Although it's inherently dorky (not to mention completely 1989), there's something mesmerizing about watching the chef at Benihana slice 'n' dice his way through a meal. A little whack here, a chop there and -- kanpai! -- suddenly your lame teriyaki dish is that much more exciting. But while any respectable foodie would turn up his nose at eating at such a place, there's nothing wrong with watching such a performance. Which is why Cookin', a swashbuckling stage show about four Korean cooks preparing a wedding feast, has been such a (pardon us) sizzler. The plot? Think Stomp meets Iron Chef: The four chefs pound out driving rhythms of samulnori-- traditional Korean music -- using knives, cutting boards, pots, pans, chopsticks and woks. All this happens while they're preparing a wedding feast under a tight deadline (a clock on stage counts it down) and a hotheaded boss screams his disapproval.
The zany show encourages audience participation; you can help make dumplings and sample soup. "American audiences have really enjoyed the rhythms," says Yong Choi, the show's stage manager and interpreter. "We've had standing ovations every night." You don't see that at Benihana. Get Cookin' at 7:30 p.m. Thursday, March 10. Hobby Center for the Performing Arts, 800 Bagby. For tickets and information, call 713-227-4772 or visit www.spahouston.org. $30 to $48. -– Steven Devadanam
Chase the rhythm with Tom and Gerry
Synthesizer and percussion will play cat and mouse this week with the arrival of avant-garde duo Thomas Lehn and Gerry Hemingway. Originally half of an improvisational quartet, the pair decided to try their luck as a two-piece when the bass and horn players both dropped out of a tour at the last minute some eight years ago. The two have since nurtured their instinctive sonic rapport, even periodically reversing roles, with the German-born Lehn's analog synth carrying the rhythm while Hemingway takes the lead by scraping his cymbals with violin bows. The mere sight of Lehn hunched over his vastly outdated instruments, twisting dials and pulling levers like a combination mad scientist and auto mechanic, should be well worth the price of admission. 8 p.m. Friday, March 11. Barnevelder Movement/Arts Complex, 2201 Preston. For information, call 713-928-5653. $8 to $10; free for those 18 and under. -– Scott Faingold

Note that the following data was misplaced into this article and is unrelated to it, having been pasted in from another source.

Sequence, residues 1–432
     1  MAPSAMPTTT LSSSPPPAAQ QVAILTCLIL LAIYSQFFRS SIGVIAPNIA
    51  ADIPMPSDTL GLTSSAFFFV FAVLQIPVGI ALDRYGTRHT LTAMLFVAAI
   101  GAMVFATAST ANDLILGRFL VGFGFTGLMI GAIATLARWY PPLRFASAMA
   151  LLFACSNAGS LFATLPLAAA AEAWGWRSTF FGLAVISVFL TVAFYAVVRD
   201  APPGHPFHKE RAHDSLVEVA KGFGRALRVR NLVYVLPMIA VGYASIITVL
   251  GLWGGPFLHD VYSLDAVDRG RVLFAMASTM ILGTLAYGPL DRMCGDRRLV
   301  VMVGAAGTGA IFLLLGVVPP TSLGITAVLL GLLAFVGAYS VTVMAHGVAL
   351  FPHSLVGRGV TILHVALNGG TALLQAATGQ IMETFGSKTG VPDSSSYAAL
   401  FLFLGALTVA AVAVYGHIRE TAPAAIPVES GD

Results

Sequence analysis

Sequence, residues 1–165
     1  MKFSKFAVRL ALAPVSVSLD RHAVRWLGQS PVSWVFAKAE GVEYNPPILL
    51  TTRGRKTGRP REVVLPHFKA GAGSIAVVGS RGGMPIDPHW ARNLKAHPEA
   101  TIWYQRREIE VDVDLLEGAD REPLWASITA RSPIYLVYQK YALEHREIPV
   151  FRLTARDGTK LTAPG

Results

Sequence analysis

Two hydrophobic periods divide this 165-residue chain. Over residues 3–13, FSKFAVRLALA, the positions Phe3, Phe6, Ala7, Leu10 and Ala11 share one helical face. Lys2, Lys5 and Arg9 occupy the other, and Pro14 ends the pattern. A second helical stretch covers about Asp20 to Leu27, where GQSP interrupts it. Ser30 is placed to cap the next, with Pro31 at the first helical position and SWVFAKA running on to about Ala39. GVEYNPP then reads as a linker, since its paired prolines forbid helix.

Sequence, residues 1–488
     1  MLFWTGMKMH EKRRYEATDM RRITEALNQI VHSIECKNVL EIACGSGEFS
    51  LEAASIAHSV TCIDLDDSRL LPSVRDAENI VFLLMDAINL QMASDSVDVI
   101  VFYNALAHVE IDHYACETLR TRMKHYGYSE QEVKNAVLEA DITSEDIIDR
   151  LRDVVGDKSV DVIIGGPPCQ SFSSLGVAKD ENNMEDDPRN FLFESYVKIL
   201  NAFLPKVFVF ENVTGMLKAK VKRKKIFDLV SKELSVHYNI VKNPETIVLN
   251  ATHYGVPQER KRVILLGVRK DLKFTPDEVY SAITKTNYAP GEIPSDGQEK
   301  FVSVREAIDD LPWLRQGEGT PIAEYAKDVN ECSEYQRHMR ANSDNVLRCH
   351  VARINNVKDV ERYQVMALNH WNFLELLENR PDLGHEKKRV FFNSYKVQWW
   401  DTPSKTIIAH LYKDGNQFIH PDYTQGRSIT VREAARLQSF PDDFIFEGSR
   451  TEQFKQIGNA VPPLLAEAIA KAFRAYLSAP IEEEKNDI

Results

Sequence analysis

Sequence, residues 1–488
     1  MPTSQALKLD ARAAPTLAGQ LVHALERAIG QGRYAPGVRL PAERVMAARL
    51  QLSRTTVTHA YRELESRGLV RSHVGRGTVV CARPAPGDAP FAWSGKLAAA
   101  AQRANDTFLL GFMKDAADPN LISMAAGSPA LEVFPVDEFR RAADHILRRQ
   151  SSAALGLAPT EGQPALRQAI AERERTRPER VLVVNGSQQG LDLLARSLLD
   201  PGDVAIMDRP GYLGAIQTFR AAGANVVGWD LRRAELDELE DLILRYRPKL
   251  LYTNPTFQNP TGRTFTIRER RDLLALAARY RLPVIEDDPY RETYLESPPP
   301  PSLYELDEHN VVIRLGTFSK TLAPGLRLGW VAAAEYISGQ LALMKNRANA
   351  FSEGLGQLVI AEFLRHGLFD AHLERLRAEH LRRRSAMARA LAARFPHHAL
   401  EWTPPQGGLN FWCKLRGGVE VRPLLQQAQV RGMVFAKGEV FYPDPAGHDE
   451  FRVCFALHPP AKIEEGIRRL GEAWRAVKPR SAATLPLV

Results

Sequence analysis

Settle down, Desperate Housewives fans: Craig Wright's play Orange Flower Water does indeed feature suburban adultery, but not of the Eva Longoria ilk. Adultery in Wright's fictional Pine City is serious, heartrending stuff. The play tells the story of the platonic-turned-romantic relationship of David and Beth, both married with children, who watch their families fall apart at the hands of their liaison. The show opens Friday, March 11, and runs through March 27. Wright, an Emmy-nominated writer for Six Feet Under, will participate in a discussion after the 3 p.m. show on Sunday, March 13. Stages Repertory Theatre, 3201 Allen Parkway. For a tickets and showtimes, call 713-527-0220 or visit www.stagestheatre.com. $25 to $35. – Julia Ramey
You can't leave a production of Handel's Messiah feeling down, even if you broke your Lenten resolution three days in. Mercury Baroque and Core Performance Company combine period instruments with barefoot contemporary dancers to update the classic piece (yes, it's the one with "Hallelujah") at 7:30 p.m. Saturday, March 12. Hobby Center for the Performing Arts, 800 Bagby. For tickets and information, call 713-862-5530 or visit www.uniquelyhouston.org. $25 to $35. –- Julia Ramey